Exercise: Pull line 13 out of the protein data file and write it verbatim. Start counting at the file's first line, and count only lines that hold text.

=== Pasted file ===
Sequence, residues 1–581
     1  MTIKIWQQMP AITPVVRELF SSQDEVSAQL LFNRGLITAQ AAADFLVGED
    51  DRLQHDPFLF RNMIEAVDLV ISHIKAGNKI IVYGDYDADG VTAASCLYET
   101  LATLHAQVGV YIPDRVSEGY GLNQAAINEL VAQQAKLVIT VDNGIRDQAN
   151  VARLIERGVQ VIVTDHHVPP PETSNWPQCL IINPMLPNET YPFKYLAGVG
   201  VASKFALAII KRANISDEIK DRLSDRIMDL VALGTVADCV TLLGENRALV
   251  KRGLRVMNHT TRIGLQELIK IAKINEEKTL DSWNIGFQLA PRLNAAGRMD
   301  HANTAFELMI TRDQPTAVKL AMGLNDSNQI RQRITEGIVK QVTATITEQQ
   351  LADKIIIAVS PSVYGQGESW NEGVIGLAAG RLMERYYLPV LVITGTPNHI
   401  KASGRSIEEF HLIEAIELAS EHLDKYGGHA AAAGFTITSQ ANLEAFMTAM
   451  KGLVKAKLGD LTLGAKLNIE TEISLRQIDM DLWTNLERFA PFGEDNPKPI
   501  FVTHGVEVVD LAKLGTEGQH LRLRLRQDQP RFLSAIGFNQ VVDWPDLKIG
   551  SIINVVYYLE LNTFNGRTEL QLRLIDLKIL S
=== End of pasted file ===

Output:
   551  SIINVVYYLE LNTFNGRTEL QLRLIDLKIL S